Facts about this animal
Reindeer are medium-sized deer, with males reaching a head-body length of 185-215 cm , height at shoulder of 68cm, and a body weight of 60-170 kg, occasinally more. Females are slightly smaller and lighter. There are also some subspecies and island forms that are considerably smaller. Domesticated animals are shorter-legged and heavier than their wild counterparts.
Males have rather irregularly branched antlers, sometimes with many, somtimes with only a few points. Females have antlers too, but these are much smaller. The coat has two layers of fur, a dense woolly undercoat and longer-haired overcoat consisting of hollow, air-filled hairs. The colour is very variable, depending of whether the reindeer are wild or domesticated, and whether the habitat is tundra or taiga.
Reindeer walk, trot or gallop, When walking their hooves make a cracking and crunching sound. They are excellent swimmers. They are migratory, although they do not migrate over long distances in europe.
Female reindeer form large herds that are led by an old female. Males are solitary or live in smaller herds. During the rutting season harems are formed.
The rutting season lasts from August to November, depending on location, but peaks usually in October. In May/June the female gives birth to one single calf, rarely twins. The young can stand within minutes after being born. They re weaned at the age of five to six months.Unlike in many other deer species, the reindeer fawn's coat is not marked with camouflaging spots.
Did you know?
that reindeer are the only deer ever tamed and put to use by humans for a variety of purposes, including milk, blood, meat, hide, bones, pulling sleds and riding? The Lapps or Sami of northern Scandinavia keep herds of reindeer. Traditionally these people were nomadic following herds from place to place. Now however, those groups that remain nomadic generally have only the men follow the reindeer herds while women and children stay in a more permanent location. Other groups keep reindeer herds much as cattle have been domesticated and kept.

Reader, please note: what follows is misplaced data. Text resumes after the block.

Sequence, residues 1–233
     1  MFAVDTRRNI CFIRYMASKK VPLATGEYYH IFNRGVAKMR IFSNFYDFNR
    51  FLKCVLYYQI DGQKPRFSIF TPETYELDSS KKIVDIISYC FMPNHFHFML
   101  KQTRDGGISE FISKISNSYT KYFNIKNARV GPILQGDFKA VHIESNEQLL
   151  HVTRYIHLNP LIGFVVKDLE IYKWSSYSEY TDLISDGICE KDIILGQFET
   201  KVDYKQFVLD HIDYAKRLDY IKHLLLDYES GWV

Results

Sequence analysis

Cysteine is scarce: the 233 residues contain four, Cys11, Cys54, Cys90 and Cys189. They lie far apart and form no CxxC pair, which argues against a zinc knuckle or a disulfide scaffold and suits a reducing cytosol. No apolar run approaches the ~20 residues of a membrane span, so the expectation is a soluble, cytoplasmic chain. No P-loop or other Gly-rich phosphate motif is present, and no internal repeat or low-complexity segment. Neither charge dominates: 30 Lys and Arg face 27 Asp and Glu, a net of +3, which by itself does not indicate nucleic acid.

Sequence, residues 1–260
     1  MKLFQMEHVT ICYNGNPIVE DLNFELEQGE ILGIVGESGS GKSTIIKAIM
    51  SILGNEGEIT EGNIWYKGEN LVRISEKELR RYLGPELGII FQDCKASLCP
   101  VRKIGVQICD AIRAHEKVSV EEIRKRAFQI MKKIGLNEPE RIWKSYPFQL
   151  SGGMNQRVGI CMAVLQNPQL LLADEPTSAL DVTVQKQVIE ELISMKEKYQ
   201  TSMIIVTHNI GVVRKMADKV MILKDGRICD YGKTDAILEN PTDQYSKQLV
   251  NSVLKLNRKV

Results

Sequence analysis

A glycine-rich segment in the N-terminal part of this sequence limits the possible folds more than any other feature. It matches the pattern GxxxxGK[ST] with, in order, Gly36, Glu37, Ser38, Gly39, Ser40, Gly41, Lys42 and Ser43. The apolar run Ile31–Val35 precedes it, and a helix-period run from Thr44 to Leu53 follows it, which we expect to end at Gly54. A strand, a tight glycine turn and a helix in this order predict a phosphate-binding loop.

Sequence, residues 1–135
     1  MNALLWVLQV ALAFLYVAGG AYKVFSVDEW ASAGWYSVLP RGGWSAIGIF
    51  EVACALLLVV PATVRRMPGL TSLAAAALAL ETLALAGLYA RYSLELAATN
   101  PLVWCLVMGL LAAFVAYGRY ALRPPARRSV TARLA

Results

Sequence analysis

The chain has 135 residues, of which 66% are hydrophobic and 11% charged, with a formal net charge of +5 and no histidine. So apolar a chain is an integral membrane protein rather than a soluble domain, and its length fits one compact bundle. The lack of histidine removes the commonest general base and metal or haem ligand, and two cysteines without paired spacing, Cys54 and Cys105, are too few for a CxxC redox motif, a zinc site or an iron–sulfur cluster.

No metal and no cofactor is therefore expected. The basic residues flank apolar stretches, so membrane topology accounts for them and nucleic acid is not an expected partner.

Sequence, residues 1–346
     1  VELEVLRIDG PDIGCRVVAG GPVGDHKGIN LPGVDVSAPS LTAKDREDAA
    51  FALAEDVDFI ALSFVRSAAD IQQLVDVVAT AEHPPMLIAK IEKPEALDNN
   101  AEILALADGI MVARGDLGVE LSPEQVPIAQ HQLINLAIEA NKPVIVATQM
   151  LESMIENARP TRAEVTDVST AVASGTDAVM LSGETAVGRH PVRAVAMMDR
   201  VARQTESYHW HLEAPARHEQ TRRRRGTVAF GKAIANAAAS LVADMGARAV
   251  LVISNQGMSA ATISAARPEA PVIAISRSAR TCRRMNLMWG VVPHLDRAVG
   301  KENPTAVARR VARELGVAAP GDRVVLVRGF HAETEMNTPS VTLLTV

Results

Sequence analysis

|Name (Scientific)||Rangifer tarandus|
|Local names||Finnish: Metsäpeura
Norwegian, Swedish: Ren
|CITES Status||Not listed|
|CMS Status||Not listed|
Photo Copyright by
U.S. Fish and Wildlife Service
|Range||Arctic zones of North America and Eurasia|
|Habitat||Arctic tundra and subarctic forest regions|
|Wild population||Approx. 4 millions (Wikipedia 2011)|
|Zoo population||564 reported to ISIS (2005)|
In the Zoo
How this animal should be transported
Hard antlers should be removed before transport under proper restraint and, where required, sedation. No deer with antlers in velvet at a stage of growth which could be damaged easily should be transported where there is a risk of injury.
For air transport, Container Note 73 of the IATA Live Animals Regulations, should be followed.
Find this animal on ZooLex
Photo Copyright by
Joseph N. Hall
Why do zoos keep this animal
Domestic reindeer are kept primarily for educational purposes, because they represent the only deer species which has been domesticated and in which both males and females have antlers. For the European forest reindeer, which has a restricted range, a conservation breeding programme (EEP) is run by European zoos.
Reindeer are particulary popular with children because of the Christmas story "Rudolph the Red-Nosed Reindeer" www.cbs.com/specials/rudolph about Santa Claus’ ninth and lead reindeer who possesses an unusually red-coloured nose that gives off its own light that is powerful enough to illuminate the team's path through inclement weather.